“I wanted the Foundation to be more associated geographically with Gardner-Webb University,” shared O. Max Gardner III, Gov. Gardner’s grandson and president of the Foundation. “I think this relocation will benefit the University and the Foundation and also confirm the historical relationship between the two institutions. I hope more students from Gardner-Webb, prospective students and their families, and just folks in this area will want to come and learn more about the Gardner and Webb families. Our hope is to enhance the Gardner-Webb Community and Boiling Springs in general.”
The new location is more than office space, explained Gardner, who also serves on the GWU Board of Trustees. “We have a lot of historical documents and display boards with different events in Gov. Gardner’s life. We will also explain who the Webb is in Gardner-Webb with the help of Natalie Bishop (associate dean of the GWU library). Mother Fay (Gov. Gardner’s wife) was just as influential in giving financial and moral support to Gardner-Webb as Governor Gardner. She had a lot to do with their initial support for what was then called Boiling Springs Junior College.”
The Foundation also supports the O. Max Gardner award, presented annually since 1949 to a faculty member in the Consolidated University of North Carolina System. Established by the governor’s will, the award is the oldest, most distinctive statewide honor given by the System’s Board of Governors.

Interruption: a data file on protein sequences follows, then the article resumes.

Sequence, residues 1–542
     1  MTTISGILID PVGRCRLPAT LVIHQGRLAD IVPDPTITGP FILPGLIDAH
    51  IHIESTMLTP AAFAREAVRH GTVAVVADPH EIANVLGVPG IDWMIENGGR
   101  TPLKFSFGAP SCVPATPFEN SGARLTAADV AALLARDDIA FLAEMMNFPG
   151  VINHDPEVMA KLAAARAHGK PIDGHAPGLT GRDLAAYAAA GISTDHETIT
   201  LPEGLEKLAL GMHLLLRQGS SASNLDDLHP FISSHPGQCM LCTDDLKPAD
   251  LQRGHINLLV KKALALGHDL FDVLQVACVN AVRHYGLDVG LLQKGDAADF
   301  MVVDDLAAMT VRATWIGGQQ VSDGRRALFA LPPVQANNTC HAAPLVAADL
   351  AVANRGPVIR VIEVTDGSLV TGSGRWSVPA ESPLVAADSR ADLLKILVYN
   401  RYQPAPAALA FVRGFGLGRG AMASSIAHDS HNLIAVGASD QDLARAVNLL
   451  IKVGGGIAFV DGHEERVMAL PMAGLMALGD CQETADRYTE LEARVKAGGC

The historical display is a work-in-progress and will also include a section to honor the former owners of the home, Dan and Bettye Moore, longtime supporters of Gardner-Webb. A GWU alumnus, Dan was in public education for more than 30 years. After retiring as principal from Shelby High School, he served his alma mater in various positions, including athletic director, faculty member, administrator, baseball coach and a member of the Board of Trustees. In 1990, he and his wife endowed the Daniel W. and Bettye A. Moore Scholarship to provide financial assistance to worthy and/or needy full-time students. He died in 1998 and the same year was posthumously awarded an Honorary Doctorate from Gardner-Webb. Bettye, who was also a teacher, was appointed to serve as a trustee in his place. Before her death in 2015, she served several years as a trustee and was named a trustee emerita.
Learn more about Fay Webb Gardner from the GWU Library Archives.
Oliver Max Gardner (1882-1947) was a politician, businessman, and lawyer of Shelby, N.C., Raleigh, N.C., and Washington, D.C. He was elected a North Carolina state senator in 1910 and 1915, lieutenant governor in 1916, and was governor from 1929 to 1933. He also served as Under Secretary of the United States Treasury and as Ambassador to Great Britain under the Truman Administration. For more information about O. Max Gardner and the Foundation, visit: https://omaxgardnerfoundation.com/ and https://governoromaxgardner.com/
Located in the North Carolina foothills, Gardner-Webb University is a private, Christian, liberal arts university. Gardner-Webb emphasizes a strong student-centered experience and rigorous academics to prepare students to become effective leaders within the global community. Ignite your future at Gardner-Webb.edu.